Footy finals fever kicks off tomorrow afternoon with the Hawthorn Hawks taking on the Freemantle Dockers at the MCG. And what better way to get into the spirit than to don your team colours, throw a snag on the BBQ or down a cold one while watching the game at your local pub?
But, if you’re like us, then you’ll probably be interested to know a fact or two about the science secrets behind these AFL finalists.
Let’s take a look:
- Hawthorn are the in the grand final for the second year straight after losing to the Sydney Swans last year. They last won the premiership in 2008.
- Fremantle are playing their first grand final in their 19-year history.
So what’s the secret to their success? Players, skill and coaches aside, there may be a secret weapon. Both Freemantle and Hawthorn have been using an elite athlete analytics device developed by Aussie company Catapult Sports. Hawthorn was the first AFL team to use the technology, while Freemantle has been using it for the past 5 years. A coincidence or not given their history in premiership matches, we’ll let you decide!
The tracking devices are worn by the players underneath their jerseys and give coaches all the analytics they need on their players whether on the training field or in competition. They beam information to the coaches’ computer via GPS relaying numbers on each player’s location, speed, their heart rate and all their vital statistics, allowing the team to do tactical analysis in real-time and understand when players are fatigued.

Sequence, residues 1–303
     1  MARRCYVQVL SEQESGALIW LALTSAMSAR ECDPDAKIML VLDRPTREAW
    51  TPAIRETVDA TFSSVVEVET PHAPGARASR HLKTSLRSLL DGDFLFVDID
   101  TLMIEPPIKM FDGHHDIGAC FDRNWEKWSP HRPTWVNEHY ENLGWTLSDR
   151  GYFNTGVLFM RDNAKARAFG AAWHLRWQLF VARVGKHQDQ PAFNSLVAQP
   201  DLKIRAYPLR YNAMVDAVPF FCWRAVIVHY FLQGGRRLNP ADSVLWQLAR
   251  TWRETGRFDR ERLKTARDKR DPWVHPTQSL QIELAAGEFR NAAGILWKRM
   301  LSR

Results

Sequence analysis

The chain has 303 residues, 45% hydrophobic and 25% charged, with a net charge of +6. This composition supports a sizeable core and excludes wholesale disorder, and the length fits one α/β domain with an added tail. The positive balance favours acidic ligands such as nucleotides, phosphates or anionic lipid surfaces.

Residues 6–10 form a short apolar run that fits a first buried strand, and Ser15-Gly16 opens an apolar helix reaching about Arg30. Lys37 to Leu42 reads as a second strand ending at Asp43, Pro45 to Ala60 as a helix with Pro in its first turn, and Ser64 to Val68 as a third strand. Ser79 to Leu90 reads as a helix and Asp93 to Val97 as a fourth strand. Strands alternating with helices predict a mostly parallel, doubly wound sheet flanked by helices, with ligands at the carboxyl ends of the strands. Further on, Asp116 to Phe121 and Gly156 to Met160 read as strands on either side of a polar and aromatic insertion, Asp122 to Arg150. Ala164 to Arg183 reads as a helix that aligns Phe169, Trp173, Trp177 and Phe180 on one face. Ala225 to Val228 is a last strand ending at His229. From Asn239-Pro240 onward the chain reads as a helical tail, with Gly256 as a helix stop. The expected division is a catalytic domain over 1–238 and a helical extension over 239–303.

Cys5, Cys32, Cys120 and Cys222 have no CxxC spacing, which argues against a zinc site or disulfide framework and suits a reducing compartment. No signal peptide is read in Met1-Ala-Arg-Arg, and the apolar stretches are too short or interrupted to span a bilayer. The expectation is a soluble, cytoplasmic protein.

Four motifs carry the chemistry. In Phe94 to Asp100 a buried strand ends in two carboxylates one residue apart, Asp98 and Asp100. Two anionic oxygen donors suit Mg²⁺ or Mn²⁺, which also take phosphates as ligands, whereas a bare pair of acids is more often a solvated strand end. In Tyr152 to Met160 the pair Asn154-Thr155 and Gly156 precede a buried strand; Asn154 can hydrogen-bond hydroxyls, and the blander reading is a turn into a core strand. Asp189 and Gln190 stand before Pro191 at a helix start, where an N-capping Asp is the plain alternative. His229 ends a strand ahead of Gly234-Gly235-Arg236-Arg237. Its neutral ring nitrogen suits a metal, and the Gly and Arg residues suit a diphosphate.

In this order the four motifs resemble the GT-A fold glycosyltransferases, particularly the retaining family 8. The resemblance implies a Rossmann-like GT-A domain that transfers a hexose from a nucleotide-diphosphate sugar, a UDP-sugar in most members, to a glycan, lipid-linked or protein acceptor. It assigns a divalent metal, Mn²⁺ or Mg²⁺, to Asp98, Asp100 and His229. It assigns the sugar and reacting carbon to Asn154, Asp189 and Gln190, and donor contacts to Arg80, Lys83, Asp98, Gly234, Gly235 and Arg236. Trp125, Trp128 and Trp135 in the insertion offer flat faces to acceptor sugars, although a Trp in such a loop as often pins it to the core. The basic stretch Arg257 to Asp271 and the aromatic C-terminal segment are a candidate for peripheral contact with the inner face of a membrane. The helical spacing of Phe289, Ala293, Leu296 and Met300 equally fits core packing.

Unfortunately, GPS works fairly poorly in indoor and partially covered stadiums where some of these sporting matches take place. Our scientists have been working with Catapult for over a year now, cooking up the next big thing in athlete tracking that may well be used to give that winning edge to next year’s grand final winner.
ClearSky is a new indoor solution based on our Wireless Adhoc System Positioning (WASP) technology that will not only work ten times more accurately than GPS in outdoor stadiums like the MCG, but also in stadiums that are partially or completely covered like Etihad stadium.
The technology is highly accurate down to 20cm, can overcome noisy signal environments, such as thousands of spectators on mobile phones, and has been integrated with other inertial, heart rate and ball tracking sensors. In the future it could even be used to stream real-time data on players to broadcast media around the world.
Just recently, ClearSky even took out two Sydney Division Engineering Excellence Awards in the ‘Software and embedded systems’ category as well as the President’s award.
We’re chuffed about the upcoming release of ClearSky and it’s potential to be used by 300 of the most elite sports teams and institutes worldwide.
Learn more about the ClearSky system and our wireless athlete tracking technology below.